It's well known that Dostoyevsky as a person didn't like Jews.

But is there clear evidence of that in his books?

Ideally, I'd prefer evidence of things that arise above things that were commonplace normal stereotypes in Russian society of the time, such as Pushkin's Jewish moneylender.

1 Answer 1


I'm not well acquainted with most of Dostoevsky's writings, but The House of the Dead stands out as a controversial case. In it, we see the character Isay Fomitch Bumstein, who worked as both a jeweler and a pawnbroker (close enough to the stereotypical Jewish moneylender). Apart from his job, Dostoevsky's physical characterization of Bumstein is not quite flattering. This short essay puts together some criticisms of the jeweler's appearance:

As Goldstein states, "The caricature quality of the portrait is potent, and the intention of the author is unmistakably clear: to laugh at the little Jew and provoke laughter at his expense."6 Dostoevsky reminds us that Isay Fomitch is a "skinny, feeble, puny man of around fifty...with a white body like a chicken's" (IX, pg. 105). Immediately after drawing this image, Dostoevsky marshals a series of moral traits which stigmatize Isay Fomitch and to a certain extent, the larger Jewish nation. He calls attention to Isay Fomitch as "a most comical mixture of naiveté, stupidity, craft, impudence, good nature, timidity, boastfulness and insistence" (IX, pg. 106).

In Chapter X, Bumstein's first arrival to the prison actually involves moneylending, as he is intimidated into letting a convict pawn his (worthless) raggedy clothing. It would be wrong to characterize Dostoevsky's treatment of the main as wholly repugnant, but it falls squarely into the category of "clear evidence".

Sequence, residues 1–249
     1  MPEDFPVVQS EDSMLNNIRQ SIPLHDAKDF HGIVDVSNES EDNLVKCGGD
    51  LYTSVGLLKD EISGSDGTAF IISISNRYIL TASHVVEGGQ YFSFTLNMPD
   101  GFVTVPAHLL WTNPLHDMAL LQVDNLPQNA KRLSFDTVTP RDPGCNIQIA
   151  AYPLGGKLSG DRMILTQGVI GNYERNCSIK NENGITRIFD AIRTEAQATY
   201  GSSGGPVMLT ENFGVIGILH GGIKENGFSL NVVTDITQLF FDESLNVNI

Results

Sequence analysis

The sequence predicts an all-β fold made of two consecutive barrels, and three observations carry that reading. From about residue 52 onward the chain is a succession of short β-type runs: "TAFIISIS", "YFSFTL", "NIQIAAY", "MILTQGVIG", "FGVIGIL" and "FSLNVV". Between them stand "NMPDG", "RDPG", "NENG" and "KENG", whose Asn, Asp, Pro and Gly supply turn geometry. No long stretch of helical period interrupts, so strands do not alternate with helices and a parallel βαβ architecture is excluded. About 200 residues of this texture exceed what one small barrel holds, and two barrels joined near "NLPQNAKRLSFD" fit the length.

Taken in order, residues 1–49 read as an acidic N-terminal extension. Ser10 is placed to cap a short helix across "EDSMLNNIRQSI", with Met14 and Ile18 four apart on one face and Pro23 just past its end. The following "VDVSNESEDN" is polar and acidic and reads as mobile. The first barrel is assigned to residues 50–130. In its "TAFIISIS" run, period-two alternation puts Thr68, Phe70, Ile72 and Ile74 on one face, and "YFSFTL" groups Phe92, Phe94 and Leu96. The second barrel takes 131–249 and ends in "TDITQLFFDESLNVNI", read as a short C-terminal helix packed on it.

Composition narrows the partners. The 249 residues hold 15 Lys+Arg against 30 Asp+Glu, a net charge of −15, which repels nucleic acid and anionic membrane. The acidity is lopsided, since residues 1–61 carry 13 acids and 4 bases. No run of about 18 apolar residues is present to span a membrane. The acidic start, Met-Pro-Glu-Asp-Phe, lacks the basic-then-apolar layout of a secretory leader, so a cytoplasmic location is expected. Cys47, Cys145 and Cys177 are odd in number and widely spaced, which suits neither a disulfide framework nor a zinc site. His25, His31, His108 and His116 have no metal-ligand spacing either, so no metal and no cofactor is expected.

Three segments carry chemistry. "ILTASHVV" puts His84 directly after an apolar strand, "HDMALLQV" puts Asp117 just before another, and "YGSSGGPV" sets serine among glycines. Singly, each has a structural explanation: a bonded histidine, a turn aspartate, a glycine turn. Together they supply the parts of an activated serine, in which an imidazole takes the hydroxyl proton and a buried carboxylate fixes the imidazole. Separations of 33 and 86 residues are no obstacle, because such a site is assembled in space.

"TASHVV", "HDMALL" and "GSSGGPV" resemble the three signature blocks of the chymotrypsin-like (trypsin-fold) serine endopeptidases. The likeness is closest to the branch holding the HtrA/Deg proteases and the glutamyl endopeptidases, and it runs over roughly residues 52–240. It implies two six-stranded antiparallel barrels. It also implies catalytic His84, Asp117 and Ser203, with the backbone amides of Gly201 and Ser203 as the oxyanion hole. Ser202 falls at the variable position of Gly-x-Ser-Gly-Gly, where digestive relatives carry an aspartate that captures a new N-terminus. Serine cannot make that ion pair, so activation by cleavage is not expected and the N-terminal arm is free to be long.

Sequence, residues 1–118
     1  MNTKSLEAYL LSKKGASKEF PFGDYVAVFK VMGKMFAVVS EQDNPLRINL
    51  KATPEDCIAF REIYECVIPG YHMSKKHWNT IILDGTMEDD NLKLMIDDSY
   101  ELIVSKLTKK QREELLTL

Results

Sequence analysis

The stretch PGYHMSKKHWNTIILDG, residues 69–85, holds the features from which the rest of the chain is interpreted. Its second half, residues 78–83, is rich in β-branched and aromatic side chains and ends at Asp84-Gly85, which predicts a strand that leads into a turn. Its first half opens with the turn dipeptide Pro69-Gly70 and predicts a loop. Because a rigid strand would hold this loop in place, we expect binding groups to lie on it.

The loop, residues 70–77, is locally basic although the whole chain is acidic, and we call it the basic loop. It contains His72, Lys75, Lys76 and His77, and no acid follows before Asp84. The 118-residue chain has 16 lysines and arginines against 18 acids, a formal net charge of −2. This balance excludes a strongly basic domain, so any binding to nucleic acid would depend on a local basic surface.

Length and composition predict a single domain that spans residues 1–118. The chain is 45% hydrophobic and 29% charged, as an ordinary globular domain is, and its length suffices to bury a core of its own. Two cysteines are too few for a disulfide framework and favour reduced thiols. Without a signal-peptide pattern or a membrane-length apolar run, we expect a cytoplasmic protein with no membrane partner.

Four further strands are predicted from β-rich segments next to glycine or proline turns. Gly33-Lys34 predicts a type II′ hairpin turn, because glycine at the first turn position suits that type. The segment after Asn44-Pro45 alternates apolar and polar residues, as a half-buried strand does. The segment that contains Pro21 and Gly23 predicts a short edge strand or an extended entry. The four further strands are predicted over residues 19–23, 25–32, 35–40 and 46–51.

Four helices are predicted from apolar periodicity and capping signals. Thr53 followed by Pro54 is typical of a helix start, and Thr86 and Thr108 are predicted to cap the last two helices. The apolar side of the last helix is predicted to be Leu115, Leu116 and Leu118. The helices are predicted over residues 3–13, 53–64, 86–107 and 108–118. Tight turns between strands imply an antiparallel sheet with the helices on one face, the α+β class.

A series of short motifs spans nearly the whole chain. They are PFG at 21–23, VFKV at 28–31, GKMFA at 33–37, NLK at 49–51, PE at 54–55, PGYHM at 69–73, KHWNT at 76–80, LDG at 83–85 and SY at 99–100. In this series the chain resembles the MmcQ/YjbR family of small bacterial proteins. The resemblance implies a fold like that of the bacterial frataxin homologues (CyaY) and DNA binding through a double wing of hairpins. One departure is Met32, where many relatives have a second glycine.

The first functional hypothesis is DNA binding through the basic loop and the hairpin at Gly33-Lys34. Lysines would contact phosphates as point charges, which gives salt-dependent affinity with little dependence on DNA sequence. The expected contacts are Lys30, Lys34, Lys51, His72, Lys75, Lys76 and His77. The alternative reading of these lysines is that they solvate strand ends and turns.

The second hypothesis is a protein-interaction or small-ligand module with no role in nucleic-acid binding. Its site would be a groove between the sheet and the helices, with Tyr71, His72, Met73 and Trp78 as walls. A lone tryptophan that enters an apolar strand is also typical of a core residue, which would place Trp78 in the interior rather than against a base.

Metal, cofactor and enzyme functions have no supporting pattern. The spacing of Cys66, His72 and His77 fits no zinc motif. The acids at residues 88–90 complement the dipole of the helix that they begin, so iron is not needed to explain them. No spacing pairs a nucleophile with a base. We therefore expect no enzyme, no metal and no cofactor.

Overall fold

As the essay points out, we also see some anti-Semitic tones in The Brothers Karamazov. While there are some minor side references to Jews in the moneylending business (again, a negative stereotype), there is one passage where a character suggests that some believe that Jews kill and eat children. While there is no clear indication that anyone treats this claims as anything but ridiculous, there is certainly no clear rejection of the general tone.

Yes, you see the moneylending stereotype perpetuated on several of Dostoevsky's works. But there are additional negative characterizations - the overt characterization of Bumstein as a fool and the references to savage Jewish rituals - that seem to at least waggle some eyebrows at the phrase "anti-Semitism", if not point to it directly.

Your Answer

By clicking “Post Your Answer”, you agree to our terms of service and acknowledge you have read our privacy policy.

Not the answer you're looking for? Browse other questions tagged or ask your own question.